Malware Driven Google Chrome and Adobe Flash Updates Reportedly Making the Rounds
To make it look even more authentic, both updates are digitally signed by valid VeriSign code signing certificates, ZDNet reports. This isn't the first time malware writers have tapped VeriSign to appear legitimate, though it's not always the preferred method because it's expensive.
Sometimes there are telltale signs of malware. In this case, the Chrome logo in the fake update is slightly different from the real logo. As for the Adobe update, it doesn't actually say "Adobe" or contain the company's logo, it just uses an update GUI that looks very similar to the real thing. Installing it will serve up adware, whereas the spoofed Chrome update is identified as W32/Kryptik, which gathers details on the infected host's FTP servers.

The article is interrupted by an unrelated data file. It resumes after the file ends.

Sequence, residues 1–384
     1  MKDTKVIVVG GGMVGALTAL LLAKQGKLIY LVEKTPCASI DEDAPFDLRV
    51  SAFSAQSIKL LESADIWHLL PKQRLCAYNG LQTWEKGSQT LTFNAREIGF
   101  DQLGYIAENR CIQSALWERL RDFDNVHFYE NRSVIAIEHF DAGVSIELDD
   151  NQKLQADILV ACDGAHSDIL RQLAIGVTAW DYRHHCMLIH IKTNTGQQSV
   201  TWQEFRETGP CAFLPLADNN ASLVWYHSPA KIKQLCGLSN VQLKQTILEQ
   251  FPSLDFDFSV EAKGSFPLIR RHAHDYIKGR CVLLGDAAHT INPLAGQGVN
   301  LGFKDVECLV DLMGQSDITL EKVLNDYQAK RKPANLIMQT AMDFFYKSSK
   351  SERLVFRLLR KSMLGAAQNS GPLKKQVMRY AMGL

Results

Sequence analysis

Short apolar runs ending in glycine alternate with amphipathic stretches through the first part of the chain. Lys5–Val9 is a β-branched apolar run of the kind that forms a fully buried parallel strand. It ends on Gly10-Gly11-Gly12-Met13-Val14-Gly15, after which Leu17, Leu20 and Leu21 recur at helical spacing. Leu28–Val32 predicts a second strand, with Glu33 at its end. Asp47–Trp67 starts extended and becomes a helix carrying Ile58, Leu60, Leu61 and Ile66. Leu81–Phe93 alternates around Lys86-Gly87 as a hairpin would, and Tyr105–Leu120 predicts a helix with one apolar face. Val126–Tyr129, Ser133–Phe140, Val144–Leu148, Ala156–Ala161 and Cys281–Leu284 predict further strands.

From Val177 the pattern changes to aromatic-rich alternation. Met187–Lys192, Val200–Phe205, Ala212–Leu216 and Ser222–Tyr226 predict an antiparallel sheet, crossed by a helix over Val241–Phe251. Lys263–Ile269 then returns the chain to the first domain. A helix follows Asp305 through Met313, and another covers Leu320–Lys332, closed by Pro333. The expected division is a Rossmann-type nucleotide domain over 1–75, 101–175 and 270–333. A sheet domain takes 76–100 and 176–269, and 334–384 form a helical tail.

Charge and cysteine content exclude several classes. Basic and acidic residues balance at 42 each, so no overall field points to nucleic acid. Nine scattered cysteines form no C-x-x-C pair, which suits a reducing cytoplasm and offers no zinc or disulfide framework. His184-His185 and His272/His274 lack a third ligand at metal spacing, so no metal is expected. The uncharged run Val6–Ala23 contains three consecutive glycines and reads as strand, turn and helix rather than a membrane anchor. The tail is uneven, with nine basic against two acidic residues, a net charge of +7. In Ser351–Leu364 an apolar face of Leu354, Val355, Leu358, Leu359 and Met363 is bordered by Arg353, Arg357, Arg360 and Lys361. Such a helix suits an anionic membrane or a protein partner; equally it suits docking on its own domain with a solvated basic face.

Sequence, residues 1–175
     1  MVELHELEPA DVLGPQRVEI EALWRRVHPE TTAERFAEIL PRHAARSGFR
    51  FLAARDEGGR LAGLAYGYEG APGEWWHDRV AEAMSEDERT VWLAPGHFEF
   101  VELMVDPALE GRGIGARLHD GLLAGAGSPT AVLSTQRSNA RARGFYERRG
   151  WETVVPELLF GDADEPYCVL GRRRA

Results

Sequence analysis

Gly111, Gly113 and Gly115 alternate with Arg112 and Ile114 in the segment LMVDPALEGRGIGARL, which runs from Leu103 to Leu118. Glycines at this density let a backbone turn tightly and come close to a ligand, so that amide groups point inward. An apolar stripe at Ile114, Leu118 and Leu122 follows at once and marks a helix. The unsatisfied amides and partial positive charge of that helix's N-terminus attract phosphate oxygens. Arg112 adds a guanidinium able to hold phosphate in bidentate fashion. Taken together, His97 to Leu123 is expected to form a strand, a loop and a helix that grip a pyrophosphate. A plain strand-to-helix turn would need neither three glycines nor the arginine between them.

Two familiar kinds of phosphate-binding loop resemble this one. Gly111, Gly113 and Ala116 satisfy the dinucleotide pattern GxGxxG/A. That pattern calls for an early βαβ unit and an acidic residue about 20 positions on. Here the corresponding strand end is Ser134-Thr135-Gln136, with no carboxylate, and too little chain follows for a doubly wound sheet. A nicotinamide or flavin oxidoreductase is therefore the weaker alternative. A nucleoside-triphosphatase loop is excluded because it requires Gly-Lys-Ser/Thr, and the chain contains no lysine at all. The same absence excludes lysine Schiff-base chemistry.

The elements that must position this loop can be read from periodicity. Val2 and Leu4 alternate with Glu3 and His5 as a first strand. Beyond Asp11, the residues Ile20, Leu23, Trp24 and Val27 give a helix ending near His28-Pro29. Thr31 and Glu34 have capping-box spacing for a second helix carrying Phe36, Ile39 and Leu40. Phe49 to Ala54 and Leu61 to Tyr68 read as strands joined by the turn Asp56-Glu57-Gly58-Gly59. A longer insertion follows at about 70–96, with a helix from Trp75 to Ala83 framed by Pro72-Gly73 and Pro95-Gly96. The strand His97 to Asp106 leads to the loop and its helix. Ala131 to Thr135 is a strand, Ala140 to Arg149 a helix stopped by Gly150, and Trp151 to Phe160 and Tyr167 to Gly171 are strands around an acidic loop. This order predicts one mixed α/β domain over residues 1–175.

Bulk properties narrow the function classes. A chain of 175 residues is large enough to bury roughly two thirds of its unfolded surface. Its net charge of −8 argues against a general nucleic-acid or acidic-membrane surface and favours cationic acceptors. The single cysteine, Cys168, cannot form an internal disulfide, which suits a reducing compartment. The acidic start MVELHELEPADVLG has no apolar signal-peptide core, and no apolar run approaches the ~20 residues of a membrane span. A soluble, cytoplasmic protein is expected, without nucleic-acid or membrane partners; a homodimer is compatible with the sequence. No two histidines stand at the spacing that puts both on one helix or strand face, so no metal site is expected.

"I have dedicated much of this write up on the ability of this malware to steal FTP info; I believe that this is what the malware was designed for," Zandro Iligan, senior antivirus analyst with FortiGuard Labs, explains in a blog post. "Few authors take the time to make their malware code as clean as possible. This specific malware is well thought out and very carefully coded."
ZDNet's Larry Seltzer said he stumbled upon both spoofed updates through a typo in the address bar.